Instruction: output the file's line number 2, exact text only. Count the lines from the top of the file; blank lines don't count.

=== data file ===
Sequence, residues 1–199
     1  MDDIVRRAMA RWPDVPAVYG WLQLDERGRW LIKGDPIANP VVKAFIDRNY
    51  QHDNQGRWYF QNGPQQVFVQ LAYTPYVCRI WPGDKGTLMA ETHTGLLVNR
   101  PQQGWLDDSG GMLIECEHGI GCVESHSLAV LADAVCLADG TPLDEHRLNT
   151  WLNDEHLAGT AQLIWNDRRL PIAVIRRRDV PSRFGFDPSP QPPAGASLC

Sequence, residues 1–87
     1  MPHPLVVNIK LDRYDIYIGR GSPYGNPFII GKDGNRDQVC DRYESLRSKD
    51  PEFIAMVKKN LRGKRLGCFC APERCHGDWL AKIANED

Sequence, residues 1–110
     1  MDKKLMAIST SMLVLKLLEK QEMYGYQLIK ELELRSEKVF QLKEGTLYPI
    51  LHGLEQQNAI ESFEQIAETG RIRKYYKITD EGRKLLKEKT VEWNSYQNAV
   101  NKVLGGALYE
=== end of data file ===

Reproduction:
     1  MDDIVRRAMA RWPDVPAVYG WLQLDERGRW LIKGDPIANP VVKAFIDRNY